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Building an Ark

By Lize Burr

Ten years ago, I was an expert at talking about the Texas environment. I wasn’t an expert on emissions of volatile organic compounds at refineries in the Golden Triangle, or the chemicals used fracking fluid, or the Competitive Renewable Energy Zone lines that were being built to bring wind power from West Texas to cities along the IH-35 corridor, but I knew how to talk about them. Talking about them was my job. I was the director of the Alliance for a Clean Texas (ACT), a state-wide coalition of environmental, public interest, and religious organizations that worked to make Texas a safer and healthier place to live. Helping Texans understand what was happening to our water, land, and air, and then act on this understanding, was my mission, and I did it with zeal.

That April, while I was overseeing production of a major report on Texas air pollution, the Deepwater Horizon oil spill happened about 40 miles off the Louisiana coast. Everyone I worked with knew it was a calamity. Many of them had fought to protect the Gulf of Mexico for decades. That the spill involved the same oil company that owned and operated a refinery that had exploded just five years earlier, killing 15 people, made it all the more awful, and our work all the more critical. But I also remember how powerless I felt, the way I burst into tears during a yoga class and could not explain the way I felt to my best friend.*

The spring of 2010, with its combination of deeply focused work and a resounding sense of powerlessness, comes to mind whenever I think about climate change. At the time, I was intensely aware that my faith was the reason I was in this role, that my job was my ministry to the world. It compelled me to do the work I did. At the same time, I was quiet about this calling around most folks. I may have brought my whole self to my work, but, down deep, I was silent about who I was.

Now, three years into seminary, I can ask out loud what my faith brings to the mission of caring for the earth, as I love to say, our island home. How does my faith call me to act in the face of such an overwhelming task? Noah. I think of Noah, building the ark, loading the animals, storing all that food, trying not to look up from the task at hand and weep unceasingly over the world. Noah facing catastrophe and staying with his family, safe in the ark. Noah letting out the raven, and then the doves.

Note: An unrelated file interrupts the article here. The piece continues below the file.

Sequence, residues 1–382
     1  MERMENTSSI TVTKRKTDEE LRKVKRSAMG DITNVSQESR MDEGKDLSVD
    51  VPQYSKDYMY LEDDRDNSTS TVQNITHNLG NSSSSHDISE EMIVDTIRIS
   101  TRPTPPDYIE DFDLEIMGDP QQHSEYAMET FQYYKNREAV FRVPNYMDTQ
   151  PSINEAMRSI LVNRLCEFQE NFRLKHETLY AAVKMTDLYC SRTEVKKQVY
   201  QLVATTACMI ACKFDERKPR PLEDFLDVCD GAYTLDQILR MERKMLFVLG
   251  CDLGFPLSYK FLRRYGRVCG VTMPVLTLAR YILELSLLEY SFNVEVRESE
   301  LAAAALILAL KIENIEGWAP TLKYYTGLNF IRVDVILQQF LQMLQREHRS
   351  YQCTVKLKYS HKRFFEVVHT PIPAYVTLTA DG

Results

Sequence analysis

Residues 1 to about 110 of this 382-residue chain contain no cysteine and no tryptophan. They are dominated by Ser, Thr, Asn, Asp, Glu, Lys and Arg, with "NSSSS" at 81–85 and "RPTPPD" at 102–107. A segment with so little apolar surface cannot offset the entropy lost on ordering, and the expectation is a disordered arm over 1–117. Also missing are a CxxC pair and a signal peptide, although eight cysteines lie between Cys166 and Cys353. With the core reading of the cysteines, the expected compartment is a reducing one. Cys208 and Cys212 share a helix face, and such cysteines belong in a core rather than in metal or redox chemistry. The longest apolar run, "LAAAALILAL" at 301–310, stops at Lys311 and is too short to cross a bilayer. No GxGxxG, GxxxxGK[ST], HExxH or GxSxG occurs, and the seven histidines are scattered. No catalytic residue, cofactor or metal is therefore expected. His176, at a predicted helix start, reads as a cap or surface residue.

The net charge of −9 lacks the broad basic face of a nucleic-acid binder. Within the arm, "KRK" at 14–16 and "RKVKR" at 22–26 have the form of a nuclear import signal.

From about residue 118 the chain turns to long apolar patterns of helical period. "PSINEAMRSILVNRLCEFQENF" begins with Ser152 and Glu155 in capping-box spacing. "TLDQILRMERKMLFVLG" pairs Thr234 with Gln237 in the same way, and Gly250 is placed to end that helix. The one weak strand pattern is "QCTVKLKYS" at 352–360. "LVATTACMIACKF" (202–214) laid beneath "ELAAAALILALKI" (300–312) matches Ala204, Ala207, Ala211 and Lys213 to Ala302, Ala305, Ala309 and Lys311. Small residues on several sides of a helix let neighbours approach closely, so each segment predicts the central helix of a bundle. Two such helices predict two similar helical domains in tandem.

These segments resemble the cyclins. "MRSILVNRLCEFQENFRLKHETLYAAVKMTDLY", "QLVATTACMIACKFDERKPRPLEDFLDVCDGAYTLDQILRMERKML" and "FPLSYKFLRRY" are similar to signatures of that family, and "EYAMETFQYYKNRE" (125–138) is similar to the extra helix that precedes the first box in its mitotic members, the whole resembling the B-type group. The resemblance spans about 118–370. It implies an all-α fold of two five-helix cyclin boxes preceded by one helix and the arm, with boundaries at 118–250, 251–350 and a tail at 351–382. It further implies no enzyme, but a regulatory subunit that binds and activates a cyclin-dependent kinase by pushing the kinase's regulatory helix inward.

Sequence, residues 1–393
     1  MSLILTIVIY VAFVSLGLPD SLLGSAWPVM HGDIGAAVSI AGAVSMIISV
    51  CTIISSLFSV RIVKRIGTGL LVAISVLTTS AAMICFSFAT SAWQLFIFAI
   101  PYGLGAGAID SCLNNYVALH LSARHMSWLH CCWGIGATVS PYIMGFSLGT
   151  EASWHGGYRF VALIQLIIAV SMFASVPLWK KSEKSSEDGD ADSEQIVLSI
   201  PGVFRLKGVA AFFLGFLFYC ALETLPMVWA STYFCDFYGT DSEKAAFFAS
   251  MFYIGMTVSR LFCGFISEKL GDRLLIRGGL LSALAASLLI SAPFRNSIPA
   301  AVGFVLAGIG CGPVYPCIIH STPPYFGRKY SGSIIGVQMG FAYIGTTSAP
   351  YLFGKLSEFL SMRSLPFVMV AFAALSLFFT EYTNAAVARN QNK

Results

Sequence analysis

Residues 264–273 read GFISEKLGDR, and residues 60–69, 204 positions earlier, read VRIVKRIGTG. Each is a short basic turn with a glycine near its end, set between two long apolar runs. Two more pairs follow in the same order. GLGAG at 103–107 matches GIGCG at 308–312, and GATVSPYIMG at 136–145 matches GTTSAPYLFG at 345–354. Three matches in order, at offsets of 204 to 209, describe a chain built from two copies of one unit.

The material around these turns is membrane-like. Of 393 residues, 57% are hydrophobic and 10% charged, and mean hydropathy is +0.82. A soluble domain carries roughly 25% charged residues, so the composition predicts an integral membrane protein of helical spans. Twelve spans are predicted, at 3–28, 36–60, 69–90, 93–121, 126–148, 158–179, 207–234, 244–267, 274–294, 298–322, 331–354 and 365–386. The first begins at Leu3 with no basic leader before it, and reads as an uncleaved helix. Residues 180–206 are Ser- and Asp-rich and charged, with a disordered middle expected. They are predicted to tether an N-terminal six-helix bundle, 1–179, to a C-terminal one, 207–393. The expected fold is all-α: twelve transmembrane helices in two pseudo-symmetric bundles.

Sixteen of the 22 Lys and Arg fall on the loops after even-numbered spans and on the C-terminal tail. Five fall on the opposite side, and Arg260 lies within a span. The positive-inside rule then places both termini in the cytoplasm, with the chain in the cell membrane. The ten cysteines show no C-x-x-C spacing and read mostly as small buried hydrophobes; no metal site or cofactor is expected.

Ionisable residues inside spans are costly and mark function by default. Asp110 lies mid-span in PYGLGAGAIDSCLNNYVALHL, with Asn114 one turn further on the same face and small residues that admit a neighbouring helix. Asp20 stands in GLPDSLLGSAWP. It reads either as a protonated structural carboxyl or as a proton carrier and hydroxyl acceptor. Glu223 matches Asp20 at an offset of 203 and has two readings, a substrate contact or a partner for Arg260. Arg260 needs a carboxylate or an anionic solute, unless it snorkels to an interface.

But the Flood is a tricky story, especially in a time of fear. My mind immediately goes, “I’m no Noah. There’s nothing righteous about me. God’s not giving me directions to build an ark.” My mind races to punishment and powerlessness, to loss and guilt and grief. The story feels like the last place to go, far too scary and dark to find the hope I need to find the courage to act. Still, I want to be like Noah. I want to be trustworthy and diligent and true. I want to build an ark. I just have no idea how.

This is where being a Christian almost feels simple. Jesus made what we’re supposed to do so clear. I am supposed to love my neighbor. Who is my neighbor? How should I love them? Jesus spells it out in Matthew 25: we are to care for the least of these. Here are the directions I’m looking for, the instructions for building an ark. 

Climate change does not affect God’s creation equally. Where there are floods, fire, drought, or sea-level change, there are the least of these. There are also hunger, political destabilization, migration, and humanitarian and ecological crises. Climate justice is an approach to environmental advocacy that begins with the understanding that environmental harms are not equal. Decades of research have shown that brown and black folks who live in fence-line communities have different health outcomes from people who do not live next door to refineries. The same is true of people (and animals and plants) who already face displacement or disruption from a rapidly changing biosphere. Climate change does not affect God’s creation equally. Climate justice demands that we bring our whole selves to facing climate change, to understand that that it is not simply an environmental or political issue. Climate change is a moral issue, an ethical issue, a justice issue, a God issue. Jesus told us to care for the least of these. It’s that simple. It’s the caring that’s going to be hard.

That’s the speech I never gave back in 2010, the one I’ve carried around in my heart. I hope it’s one that other Christians can hear. And if it’s not, how can I, as a Christian, call on other Christians? How can I help them build an ark?

* I recognize that this scene could not be a more clichéd example of my status as a white, CIS, middle-class, North American woman, but that’s how it happened.


This spring, we will continue to devote Sowing Holy Questions to issues of stewardship, now giving special attention to the role of humans–and the calling of Christians–as stewards or trustees of the non-human creation around us.  


Lize Burr is a senior in the MAR program. She will graduate this May with a concentration in theology. 


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